24 Million Stars in New Stellar Catalog Could Unlock Milky Way's Secrets

An international team of astronomers has published a new catalog containing over 24 million stars which could be used to unlock the secrets of the chemical evolution of our galaxy.

The team, including University of Notre Dame professor of physics Timothy Beers, used a new approach to measure light from each of the stars and determine the amounts of heavy metals like iron, as well as determining their distances, ages, and motion through space.

The catalog of 19 million dwarf stars and 5 million giant stars increases our knowledge of stars formed very early in the history of the universe that contain virtually no elements heavier than hydrogen or helium. Beers, one of the authors of a paper published in The Astrophysical Journal that details the construction of this new star catalog, calls these "fossils of the night sky."

These cosmic fossils could give us a clue of how elements that make up the Milky Way's stars, and ultimately everything around us, were formed and distributed. This research brings the known number of these early stars to more than half a million. When Beers began his work in the early '80s, we knew of just 20 of these stellar fossils.

Beers has spent much of his professional life planning and executing ever-larger surveys of stars to decipher the galaxy's formation and chemical evolution. This field is known as galactic archaeology and it traces the history and formation of the Milky Way from detailed observations of the stars, gas, and other cosmic structures.

Beers said in a press release from Notre Dame: "The elemental abundances of individual stars trace the chemical enrichment of the Milky Way galaxy, from when it first began to form stars shortly after the Big Bang to the present."

Beers said that by combining this information with the stellar distances and motions, galactic archaeologists can constrain the origin of different components of galaxies.

This includes stars in areas of the galaxy, including the halo region that surrounds globular clusters and those in the thick and thin disks that form important components of the structure of spiral galaxies like our own.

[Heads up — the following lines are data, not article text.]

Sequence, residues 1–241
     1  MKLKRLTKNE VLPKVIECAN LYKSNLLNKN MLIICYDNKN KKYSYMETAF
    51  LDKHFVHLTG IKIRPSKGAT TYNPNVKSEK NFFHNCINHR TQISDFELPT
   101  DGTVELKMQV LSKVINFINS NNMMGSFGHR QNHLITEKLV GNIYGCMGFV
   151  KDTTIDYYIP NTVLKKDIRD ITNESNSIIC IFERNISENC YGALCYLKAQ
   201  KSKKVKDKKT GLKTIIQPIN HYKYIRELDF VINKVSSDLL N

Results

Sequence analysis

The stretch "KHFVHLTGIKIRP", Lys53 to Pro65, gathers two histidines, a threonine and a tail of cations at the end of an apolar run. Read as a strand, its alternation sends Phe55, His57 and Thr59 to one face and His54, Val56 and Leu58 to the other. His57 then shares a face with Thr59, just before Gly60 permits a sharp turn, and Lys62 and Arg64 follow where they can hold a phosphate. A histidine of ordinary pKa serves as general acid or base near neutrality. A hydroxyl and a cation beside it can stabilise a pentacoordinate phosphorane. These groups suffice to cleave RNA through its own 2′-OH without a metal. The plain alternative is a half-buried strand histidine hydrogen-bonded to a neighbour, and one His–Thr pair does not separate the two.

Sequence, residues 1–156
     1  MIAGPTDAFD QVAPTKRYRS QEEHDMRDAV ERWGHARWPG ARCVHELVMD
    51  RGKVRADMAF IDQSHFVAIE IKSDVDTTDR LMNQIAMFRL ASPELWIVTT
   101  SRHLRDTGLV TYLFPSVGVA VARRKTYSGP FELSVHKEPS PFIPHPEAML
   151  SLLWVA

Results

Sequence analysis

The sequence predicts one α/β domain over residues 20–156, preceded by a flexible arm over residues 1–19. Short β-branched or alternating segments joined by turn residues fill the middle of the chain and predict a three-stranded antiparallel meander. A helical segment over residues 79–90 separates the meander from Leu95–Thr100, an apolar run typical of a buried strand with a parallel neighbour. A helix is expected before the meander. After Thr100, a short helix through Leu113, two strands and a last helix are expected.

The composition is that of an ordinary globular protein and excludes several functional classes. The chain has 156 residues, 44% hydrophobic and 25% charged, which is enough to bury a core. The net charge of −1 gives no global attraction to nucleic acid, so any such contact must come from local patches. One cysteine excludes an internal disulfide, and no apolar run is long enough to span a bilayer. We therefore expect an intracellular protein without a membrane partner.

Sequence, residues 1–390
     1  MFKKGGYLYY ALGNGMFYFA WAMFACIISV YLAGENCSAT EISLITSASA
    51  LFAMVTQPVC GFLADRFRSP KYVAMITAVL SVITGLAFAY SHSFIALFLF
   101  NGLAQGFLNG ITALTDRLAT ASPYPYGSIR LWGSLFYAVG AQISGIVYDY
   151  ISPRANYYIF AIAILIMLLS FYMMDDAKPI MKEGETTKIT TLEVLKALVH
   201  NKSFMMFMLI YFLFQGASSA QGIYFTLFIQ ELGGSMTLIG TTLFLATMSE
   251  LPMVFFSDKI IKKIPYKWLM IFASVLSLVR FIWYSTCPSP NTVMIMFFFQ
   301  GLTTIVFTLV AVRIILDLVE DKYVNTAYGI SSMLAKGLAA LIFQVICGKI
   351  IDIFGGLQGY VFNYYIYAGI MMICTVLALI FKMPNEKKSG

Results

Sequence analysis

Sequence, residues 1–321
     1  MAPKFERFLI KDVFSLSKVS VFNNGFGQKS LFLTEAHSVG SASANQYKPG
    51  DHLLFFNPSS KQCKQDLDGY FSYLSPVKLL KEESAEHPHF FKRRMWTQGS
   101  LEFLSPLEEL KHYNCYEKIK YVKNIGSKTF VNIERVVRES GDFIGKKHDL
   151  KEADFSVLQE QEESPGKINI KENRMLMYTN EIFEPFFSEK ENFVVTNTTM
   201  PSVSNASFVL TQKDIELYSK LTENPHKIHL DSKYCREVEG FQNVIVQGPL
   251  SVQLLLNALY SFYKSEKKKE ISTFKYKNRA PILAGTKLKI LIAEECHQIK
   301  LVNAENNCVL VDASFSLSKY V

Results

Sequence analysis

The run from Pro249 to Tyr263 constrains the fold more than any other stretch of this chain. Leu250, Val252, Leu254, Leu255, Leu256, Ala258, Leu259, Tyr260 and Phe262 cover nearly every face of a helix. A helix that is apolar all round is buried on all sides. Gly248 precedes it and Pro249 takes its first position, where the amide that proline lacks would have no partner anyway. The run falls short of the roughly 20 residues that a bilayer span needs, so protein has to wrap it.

Beers continued: "Adding age estimates puts a 'clock' on the process so that a much more complete picture of the entire process can be drawn."

Milky Way Disk
A stock illustration of the disk of the Milky Way. Astronomers have created a new massive catalog of ancient stars that could reveal the secrets of the Milky Way. alex-mit/GETTY

Beers and his colleagues' previous work had obtained information on tens of thousands of stars and helped them perfect this new approach which is based on visible light samples, called photometric samples obtained with the Australian SkyMapper Southern Survey and the European Gaia satellite mission.

What Beers and his team wanted to calibrate specifically was estimates of "metallicity" in stars, which is the abundance of elements heavier than helium (astronomers classify any element heavy than helium as a "metal").

Until now, however, the only way to estimate the proportions of heavy metals like iron in stars was by analyzing their low- and medium-resolution light output or spectra. This was a long and painstaking process.

Of particular interest to the Notre Dame researcher are stars with a metallicity lower than one percent or "metal-poor" stars. These were formed early in the history of our 13.8 billion-year-old universe and fused together hydrogen and helium to make heavier still elements like nitrogen and nitrogen.

When this first generation of stars ran out of fuel they collapsed, triggering supernova explosions that spread these heavier elements throughout the universe. These would go on to form the building blocks of the next generation of stars.

In addition to its benefit to scientists who aim to understand the structures of galaxies and the distribution of elements, the catalog of stars could also assist researchers who aim to identify the trails of stars left behind from disrupted dwarf galaxies and globular clusters.

As impressive as the catalog built by Beers, his colleagues at Notre Dame, and researchers from China and Australia, is in listing 24 million stars, this represents just one-hundredth of a percent of the 240 billion stars in the Milky Way alone meaning there is a lot more cataloging to be done.

Despite this, Beers and his colleagues begin their paper by pointing out that thanks to large star surveys, we are now in the "golden era" of galactic archeology.